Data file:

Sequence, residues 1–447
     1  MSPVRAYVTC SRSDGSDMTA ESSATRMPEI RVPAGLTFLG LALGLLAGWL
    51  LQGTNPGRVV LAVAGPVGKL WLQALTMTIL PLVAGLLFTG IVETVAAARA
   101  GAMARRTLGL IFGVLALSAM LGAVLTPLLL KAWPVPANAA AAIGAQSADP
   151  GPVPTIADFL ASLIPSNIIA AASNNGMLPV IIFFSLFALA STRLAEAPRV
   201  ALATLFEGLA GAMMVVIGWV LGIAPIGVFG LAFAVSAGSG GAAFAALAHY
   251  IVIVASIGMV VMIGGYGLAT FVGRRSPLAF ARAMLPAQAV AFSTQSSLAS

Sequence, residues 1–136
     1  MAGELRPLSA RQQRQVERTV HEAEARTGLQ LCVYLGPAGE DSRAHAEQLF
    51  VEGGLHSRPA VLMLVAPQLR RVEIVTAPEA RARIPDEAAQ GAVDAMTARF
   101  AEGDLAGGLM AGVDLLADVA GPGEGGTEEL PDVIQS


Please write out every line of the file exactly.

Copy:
Sequence, residues 1–447
     1  MSPVRAYVTC SRSDGSDMTA ESSATRMPEI RVPAGLTFLG LALGLLAGWL
    51  LQGTNPGRVV LAVAGPVGKL WLQALTMTIL PLVAGLLFTG IVETVAAARA
   101  GAMARRTLGL IFGVLALSAM LGAVLTPLLL KAWPVPANAA AAIGAQSADP
   151  GPVPTIADFL ASLIPSNIIA AASNNGMLPV IIFFSLFALA STRLAEAPRV
   201  ALATLFEGLA GAMMVVIGWV LGIAPIGVFG LAFAVSAGSG GAAFAALAHY
   251  IVIVASIGMV VMIGGYGLAT FVGRRSPLAF ARAMLPAQAV AFSTQSSLAS

Sequence, residues 1–136
     1  MAGELRPLSA RQQRQVERTV HEAEARTGLQ LCVYLGPAGE DSRAHAEQLF
    51  VEGGLHSRPA VLMLVAPQLR RVEIVTAPEA RARIPDEAAQ GAVDAMTARF
   101  AEGDLAGGLM AGVDLLADVA GPGEGGTEEL PDVIQS